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Airline wants to scan your face instead of your boarding pass

JetBlue wants to scan passengers’ faces to board a plane.
JetBlue wants to scan passengers’ faces to board a plane. AP

JetBlue Airways is experimenting with technology that will scan passengers’ faces instead of of a boarding pass to let them onto a plane.

The airline is collaborating with U.S. Customs and Border Protection and technology company SITA to use biometric scans as a boarding mechanism. The pilot project will start in June and will be used on flights from Boston’s Logan International Airport to Aruba’s Queen Beatrix International Airport.

People will have their photo taken by a camera in the boarding area, which will then be scanned against the CBP database to locate a matching passport, visa or immigration photo. Passengers will then be notified on a screen above the camera that they are free to board the plane.

Customers can opt in to the new process and those who do will stand in a separate line to board. JetBlue anticipates the facial scans will be quicker than the traditional boarding pass scanning process, so the line will move quicker.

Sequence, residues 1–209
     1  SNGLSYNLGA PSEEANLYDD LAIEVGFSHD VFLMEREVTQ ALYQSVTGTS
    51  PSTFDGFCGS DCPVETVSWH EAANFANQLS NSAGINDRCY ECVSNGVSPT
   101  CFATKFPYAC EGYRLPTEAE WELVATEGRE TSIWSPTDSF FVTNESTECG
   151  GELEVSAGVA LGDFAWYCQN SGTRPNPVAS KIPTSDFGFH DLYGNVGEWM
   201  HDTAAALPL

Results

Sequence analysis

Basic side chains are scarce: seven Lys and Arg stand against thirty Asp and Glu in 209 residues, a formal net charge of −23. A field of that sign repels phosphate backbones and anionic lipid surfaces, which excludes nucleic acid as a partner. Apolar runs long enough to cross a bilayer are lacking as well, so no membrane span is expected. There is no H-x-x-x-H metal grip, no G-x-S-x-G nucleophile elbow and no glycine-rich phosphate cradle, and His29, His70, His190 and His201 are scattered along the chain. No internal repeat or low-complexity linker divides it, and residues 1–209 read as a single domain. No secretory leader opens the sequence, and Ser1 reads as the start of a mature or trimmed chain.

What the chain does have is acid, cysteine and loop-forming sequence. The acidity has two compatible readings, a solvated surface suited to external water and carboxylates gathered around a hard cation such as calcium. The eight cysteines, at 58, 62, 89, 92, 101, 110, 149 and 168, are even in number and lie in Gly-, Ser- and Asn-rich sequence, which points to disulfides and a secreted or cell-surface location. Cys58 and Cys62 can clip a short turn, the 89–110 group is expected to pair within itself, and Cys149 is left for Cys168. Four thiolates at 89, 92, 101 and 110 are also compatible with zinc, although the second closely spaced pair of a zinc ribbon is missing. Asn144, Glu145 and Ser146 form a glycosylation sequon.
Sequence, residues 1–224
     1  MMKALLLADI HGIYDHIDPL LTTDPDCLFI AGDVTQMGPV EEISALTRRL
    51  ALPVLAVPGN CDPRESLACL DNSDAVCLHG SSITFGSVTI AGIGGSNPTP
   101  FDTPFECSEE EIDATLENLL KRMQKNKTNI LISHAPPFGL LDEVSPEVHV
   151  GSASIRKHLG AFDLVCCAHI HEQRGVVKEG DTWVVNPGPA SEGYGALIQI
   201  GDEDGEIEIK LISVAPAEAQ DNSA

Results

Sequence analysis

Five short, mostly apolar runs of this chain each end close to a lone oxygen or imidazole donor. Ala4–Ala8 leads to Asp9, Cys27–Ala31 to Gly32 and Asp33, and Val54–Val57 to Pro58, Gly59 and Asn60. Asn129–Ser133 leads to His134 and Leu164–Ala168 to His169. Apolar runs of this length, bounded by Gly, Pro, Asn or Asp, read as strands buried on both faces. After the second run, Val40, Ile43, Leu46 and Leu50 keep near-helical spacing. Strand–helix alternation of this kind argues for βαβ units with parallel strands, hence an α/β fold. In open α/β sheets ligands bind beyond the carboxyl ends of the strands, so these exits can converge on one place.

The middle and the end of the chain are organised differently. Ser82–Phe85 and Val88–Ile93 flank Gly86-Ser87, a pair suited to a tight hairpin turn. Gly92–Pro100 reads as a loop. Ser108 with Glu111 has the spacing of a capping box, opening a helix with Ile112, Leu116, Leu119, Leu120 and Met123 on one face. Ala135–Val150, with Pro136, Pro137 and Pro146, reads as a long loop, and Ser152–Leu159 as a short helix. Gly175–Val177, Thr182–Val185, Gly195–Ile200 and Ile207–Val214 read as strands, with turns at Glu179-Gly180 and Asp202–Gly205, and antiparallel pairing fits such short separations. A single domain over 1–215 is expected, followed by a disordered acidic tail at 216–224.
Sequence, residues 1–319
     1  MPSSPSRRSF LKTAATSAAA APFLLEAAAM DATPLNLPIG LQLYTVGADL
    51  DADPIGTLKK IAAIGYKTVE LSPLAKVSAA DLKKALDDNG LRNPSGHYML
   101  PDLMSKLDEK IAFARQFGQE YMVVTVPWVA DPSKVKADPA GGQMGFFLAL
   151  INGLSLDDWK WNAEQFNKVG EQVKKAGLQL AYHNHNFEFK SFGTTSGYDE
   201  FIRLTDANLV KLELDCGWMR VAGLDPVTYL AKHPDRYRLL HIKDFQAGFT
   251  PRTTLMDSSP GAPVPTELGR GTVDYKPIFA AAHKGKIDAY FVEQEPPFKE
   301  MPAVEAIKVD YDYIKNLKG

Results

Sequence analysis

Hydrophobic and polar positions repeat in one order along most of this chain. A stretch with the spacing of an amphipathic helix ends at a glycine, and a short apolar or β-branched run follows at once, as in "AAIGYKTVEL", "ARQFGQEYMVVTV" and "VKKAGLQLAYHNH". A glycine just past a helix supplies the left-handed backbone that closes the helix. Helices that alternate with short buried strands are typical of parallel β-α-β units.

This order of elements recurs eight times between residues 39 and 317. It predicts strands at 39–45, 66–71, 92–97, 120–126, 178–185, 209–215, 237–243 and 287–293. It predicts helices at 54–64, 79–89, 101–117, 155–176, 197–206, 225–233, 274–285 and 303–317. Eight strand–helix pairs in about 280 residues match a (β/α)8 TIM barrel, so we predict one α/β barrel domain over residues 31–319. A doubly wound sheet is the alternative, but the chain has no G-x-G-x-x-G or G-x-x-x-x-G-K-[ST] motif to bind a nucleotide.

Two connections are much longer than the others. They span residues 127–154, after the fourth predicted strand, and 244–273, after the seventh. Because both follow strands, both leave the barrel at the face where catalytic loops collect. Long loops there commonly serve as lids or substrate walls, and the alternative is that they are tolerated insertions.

“We hope to learn how we can further reduce friction points in the airport experience, with the boarding process being one of the hardest to solve,” said Joanna Geraghty, JetBlue’s executive vice president customer experience. “Self-boarding eliminates boarding pass scanning and manual passport checks. Just look into the camera and you’re on your way.”

Geraghty told the Boston Globe that a similar photo process could be implemented at other parts of the travel process, like checking in for a flight, dropping off bags and customs.

Delta is experimenting with facial recognition at baggage drop at Minneapolis-St. Paul International Airport. The $600,000 test aims to eliminate any need to interact with airline employees, allowing passengers to scan their faces and then drop their bags without any assistance. Only people with valid U.S. passports can participate, the Star Tribune reports.

Using facial scans at baggage drop is also an effort to save people time, Delta said.

European airline KLM began testing face scans at Amsterdam’s Schiphol Airport in February, according to Bloomberg.

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